How the Construction Industry is Attracting Computer & Data Science Majors

How the Construction Industry is Attracting Computer & Data Science Majors

The construction industry has increasingly turned to college students to supplement its aging workforce.

Now, the industry is specifically targeting – and attracting – college grads who were previously considering careers in computers and data science.

This shift is driven by various factors, including job stability, high-paying opportunities, and the evolving technological landscape within the construction sector. As the industry struggles to staff job sites, contractors have ramped up their pursuit of the next generation of builders, integrating advanced technologies and diverse skill sets to meet modern demands.

Three construction workers pose for a photo.
The construction industry has increasingly turned to college students to supplement its aging workforce.

Increased Outreach and Recruitment

Laura Cosgriff, the construction technology coordinator for Lorain County Community College (LCCC) in Elyria, Ohio, said in a recent article in industry publication Construction Dive that she’s noted a significant increase in calls from local contractors looking to employ students. The frequency of these calls has risen so much that she developed a canned response and email format to manage employer inquiries efficiently.

This uptick in demand reflects a broader trend across the industry.

Construction employers have intensified their outreach efforts to students, particularly through platforms like Handshake, which focuses on college student career placement. Over the past year, construction-related student outreach on Handshake increased by 46%, alongside a rise in internship postings. This proactive approach has successfully attracted students from diverse academic backgrounds, including those with expertise in computer and data science.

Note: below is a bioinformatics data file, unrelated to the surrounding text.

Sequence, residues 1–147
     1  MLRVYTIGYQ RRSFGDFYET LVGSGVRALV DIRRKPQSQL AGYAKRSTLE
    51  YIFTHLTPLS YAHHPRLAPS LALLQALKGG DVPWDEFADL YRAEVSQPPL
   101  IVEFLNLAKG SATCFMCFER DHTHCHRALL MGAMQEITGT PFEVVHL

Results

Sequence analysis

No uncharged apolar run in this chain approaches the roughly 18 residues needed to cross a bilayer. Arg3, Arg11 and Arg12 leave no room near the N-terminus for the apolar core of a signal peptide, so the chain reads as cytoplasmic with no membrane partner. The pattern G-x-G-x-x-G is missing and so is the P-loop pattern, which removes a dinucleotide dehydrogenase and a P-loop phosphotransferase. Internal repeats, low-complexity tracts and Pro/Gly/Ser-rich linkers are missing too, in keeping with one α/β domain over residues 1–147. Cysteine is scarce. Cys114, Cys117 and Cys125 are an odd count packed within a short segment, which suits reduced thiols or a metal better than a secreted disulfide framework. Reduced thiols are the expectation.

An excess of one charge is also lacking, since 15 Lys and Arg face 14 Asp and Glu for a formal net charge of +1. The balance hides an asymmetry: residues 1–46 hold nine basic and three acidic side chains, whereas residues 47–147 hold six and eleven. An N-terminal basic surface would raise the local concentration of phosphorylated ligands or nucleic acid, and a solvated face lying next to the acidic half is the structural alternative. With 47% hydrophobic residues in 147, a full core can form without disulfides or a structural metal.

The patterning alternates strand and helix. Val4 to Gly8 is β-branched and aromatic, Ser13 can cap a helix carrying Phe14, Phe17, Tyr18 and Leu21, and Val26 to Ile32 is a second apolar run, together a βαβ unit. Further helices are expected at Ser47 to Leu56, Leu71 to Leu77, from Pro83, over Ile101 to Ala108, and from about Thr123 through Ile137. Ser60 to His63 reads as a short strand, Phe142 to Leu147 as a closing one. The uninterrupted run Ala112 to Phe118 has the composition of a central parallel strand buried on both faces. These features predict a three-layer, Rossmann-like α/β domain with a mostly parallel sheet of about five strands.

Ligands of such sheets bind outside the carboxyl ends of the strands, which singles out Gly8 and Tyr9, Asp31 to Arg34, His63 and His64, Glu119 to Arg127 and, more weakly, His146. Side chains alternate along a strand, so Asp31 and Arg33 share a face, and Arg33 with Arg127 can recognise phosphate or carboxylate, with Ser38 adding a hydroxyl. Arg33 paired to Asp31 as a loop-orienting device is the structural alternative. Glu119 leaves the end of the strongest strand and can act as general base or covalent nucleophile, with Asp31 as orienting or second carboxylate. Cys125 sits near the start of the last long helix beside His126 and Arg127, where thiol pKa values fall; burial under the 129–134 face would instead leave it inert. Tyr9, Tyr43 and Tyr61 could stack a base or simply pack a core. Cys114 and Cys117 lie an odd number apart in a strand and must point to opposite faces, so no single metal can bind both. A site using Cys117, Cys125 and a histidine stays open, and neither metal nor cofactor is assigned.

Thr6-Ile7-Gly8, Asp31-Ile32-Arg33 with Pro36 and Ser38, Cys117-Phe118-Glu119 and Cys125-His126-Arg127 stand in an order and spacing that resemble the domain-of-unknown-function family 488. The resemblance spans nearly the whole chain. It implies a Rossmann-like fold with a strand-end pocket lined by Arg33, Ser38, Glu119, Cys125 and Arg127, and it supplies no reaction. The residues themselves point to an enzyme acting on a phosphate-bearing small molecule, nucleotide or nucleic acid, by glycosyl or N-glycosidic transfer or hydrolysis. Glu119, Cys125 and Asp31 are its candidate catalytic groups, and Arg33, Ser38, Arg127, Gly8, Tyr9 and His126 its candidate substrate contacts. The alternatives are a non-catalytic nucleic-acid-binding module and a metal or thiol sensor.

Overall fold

Real-World Success Stories

Barbara Lopez-Santana's journey is a prime example of this trend. A recent graduate of Florida International University, Lopez-Santana told Construction Dive that she transitioned from architecture to construction management, aligning her career with her passion for organization and hands-on work. Her internship at Moss & Associates in Miami evolved into a full-time position, underscoring the robust career opportunities within the construction sector.

Lopez-Santana's story highlights the stability and continuous demand in construction, which she described simply: “The simple reason is construction never stops.” This sentiment resonates with many young professionals who see construction as a lucrative and stable career path.

The Appeal of Construction to Tech Students